HOW TO SEE NANO
Things which are nano-sized cannot be seen with your eye. They are simply too small so special tools are required. These tools include specialty microscopes and laser light scattering devices. These techniques permit you to acquire information about the nanoparticles in your CBD concentrates without having to add any chemicals or processing.
The microscopes used to see nano-sized objects don’t use regular light, but rather beams of electrons. They are very expensive and have to be maintained in specialized facilities, operated by trained professionals. Their advantage is that they provide a picture of a single nanoparticle in your specimen. However, their disadvantage is that it is still hard to get a complete picture of all the nanoparticles in your specimen. In other words, the one you see might be perfect, but you have no idea what is happening with all the other particles. Laser light scattering tools can’t provide a picture of 100% of the nanoparticles. But, they can deliver you information about what is happening with most of them, their average size, and how “clean” or “uniform” the size is.
There are many kinds of machines that use the laser light scattering method. Some have a small tube through which the specimen flows. Every time a nanoparticle passes through a viewing window, a little bit of the light is reflected. The bigger the particle the more light is reflected back, and the longer it can be seen in the viewing window. A computer algorithm then analyzes these bits of reflected light and reports the particle size. The flow through system is limited on what it can tell you about whether the nanoparticles are interacting with each other, since the force of the flowing liquid disrupts how they speak with one another.
A different kind of tool holds your nanoparticle-containing specimen in a small glass holder. The nanoparticles are free to move around as they like. If they like to stick to each other, they will; if they like to stay apart they are free to do that, too. If the nanoparticles become unstable, and start to fuse together into larger sizes, they will start to either fall to the bottom, or float to the top. In each case, the small blips of reflected laser light will have a unique pattern. This type of laser light scattering is called Dynamic Light Scattering because it can tell you in real time what the nanoparticles are doing – in addition to their average size.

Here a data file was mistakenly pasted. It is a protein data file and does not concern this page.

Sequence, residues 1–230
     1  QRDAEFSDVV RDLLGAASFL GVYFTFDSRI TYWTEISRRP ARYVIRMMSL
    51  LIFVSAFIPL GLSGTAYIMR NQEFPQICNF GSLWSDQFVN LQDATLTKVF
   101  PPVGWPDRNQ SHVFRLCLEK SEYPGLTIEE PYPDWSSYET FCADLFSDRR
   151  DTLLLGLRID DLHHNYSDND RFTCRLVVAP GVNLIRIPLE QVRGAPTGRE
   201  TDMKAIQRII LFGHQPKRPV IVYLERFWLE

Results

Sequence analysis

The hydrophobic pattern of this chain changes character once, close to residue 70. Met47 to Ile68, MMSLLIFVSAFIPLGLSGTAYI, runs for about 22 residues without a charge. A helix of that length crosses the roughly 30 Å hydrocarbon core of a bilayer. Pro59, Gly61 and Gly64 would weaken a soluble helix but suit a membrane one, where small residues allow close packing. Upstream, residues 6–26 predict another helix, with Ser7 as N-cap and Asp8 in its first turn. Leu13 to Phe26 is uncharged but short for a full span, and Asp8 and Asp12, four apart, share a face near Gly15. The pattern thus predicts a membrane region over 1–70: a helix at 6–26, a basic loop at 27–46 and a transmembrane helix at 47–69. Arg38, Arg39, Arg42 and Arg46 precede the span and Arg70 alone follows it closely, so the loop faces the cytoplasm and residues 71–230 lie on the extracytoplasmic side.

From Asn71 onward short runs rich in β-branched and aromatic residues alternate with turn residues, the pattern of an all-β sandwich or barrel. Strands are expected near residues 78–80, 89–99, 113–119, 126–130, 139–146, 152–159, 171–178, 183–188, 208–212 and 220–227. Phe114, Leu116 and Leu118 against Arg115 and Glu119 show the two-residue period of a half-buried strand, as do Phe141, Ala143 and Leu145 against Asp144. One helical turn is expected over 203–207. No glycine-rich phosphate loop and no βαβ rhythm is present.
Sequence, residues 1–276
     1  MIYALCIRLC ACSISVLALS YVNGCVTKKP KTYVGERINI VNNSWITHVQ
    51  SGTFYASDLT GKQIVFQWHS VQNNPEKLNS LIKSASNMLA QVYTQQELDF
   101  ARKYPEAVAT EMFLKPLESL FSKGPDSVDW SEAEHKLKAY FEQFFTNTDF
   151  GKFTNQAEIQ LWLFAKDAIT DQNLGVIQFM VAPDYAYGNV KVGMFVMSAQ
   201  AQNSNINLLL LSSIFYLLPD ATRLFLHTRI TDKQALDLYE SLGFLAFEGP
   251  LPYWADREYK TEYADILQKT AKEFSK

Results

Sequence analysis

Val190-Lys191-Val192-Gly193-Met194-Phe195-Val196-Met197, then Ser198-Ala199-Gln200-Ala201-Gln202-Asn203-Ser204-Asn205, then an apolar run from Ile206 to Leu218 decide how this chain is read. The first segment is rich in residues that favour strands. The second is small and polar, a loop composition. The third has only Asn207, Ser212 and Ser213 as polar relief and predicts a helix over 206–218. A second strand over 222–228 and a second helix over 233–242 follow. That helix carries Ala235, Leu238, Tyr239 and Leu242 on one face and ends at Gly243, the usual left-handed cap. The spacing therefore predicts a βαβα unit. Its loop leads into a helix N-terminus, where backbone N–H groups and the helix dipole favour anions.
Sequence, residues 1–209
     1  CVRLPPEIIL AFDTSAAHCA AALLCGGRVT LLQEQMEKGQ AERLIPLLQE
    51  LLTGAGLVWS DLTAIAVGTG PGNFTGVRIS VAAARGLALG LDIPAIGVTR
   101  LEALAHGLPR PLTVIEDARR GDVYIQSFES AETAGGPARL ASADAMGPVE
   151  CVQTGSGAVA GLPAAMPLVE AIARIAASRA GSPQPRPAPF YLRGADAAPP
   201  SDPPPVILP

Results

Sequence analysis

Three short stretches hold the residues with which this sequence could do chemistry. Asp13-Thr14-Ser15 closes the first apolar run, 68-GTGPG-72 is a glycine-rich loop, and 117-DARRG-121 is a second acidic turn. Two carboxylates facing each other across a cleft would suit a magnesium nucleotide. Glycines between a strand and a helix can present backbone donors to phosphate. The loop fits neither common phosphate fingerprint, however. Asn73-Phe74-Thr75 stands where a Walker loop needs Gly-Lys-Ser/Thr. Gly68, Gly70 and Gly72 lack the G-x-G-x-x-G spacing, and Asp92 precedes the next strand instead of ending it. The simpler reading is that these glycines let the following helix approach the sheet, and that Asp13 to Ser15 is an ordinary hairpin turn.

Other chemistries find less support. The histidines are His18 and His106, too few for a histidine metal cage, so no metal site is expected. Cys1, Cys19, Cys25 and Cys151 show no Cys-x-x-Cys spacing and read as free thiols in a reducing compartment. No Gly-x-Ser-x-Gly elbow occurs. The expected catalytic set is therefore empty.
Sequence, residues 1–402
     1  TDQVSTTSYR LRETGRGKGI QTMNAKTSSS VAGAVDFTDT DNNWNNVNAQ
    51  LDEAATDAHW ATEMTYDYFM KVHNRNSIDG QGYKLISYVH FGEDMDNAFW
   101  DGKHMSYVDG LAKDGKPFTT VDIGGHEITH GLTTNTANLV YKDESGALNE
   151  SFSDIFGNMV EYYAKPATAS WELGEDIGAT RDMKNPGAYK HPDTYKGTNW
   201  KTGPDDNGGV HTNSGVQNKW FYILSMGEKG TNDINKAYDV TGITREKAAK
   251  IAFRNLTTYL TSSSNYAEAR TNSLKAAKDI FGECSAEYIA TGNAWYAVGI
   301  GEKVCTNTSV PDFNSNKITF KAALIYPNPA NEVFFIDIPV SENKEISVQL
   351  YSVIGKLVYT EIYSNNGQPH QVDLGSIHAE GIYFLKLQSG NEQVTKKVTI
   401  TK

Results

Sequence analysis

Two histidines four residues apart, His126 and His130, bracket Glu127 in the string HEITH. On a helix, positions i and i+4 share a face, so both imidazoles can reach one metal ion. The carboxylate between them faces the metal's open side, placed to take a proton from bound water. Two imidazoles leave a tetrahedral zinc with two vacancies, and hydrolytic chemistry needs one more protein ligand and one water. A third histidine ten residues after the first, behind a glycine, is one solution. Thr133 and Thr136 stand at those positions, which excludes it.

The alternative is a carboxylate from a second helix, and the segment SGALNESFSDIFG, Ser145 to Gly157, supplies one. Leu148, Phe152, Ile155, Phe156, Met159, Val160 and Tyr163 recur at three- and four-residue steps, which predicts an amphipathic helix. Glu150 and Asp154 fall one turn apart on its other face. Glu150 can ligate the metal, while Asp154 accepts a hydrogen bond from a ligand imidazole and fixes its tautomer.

Dynamic Light Scattering is a very useful scientific tool for developers of nanoparticle-containing products. It helps developers understand when a formula is unstable and how to optimize formulas to halt the instability. It can be used to either test the effects of salts, sugars or other additives that may be desired in a nanoparticle-containing product. There is a limit to all laser light scattering methods. If the sample is too concentrated or colored then the laser light gets lost in the sample and no measurements are possible. So to get the information necessary, great care must be used in how the measurements are performed.
A TIME PROVEN PROCESS
Dynamic Light Scattering has been used for about 40 years. Scientifically, it is based on the Brownian motion of dispersed particles. When particles are dispersed in a liquid they move randomly in all directions. The relation between the speed the particles move and the particle size is given by the Stokes-Einstein equation. The equation includes the viscosity of the dispersant and the temperature because both parameters directly influence particle movement. A basic requirement is that the movement of the particles has to be random. If there is sedimentation or agglomeration, there is no random movement.
Below are typical data seen in the machine for large and small particles, and typical data for gold and silver nanoparticles. The mixture signal is a weighted average of the two, assuming the particles have no interaction. If there is, then the resulting signal carries information about that interaction as well, and the analysis becomes more complicated.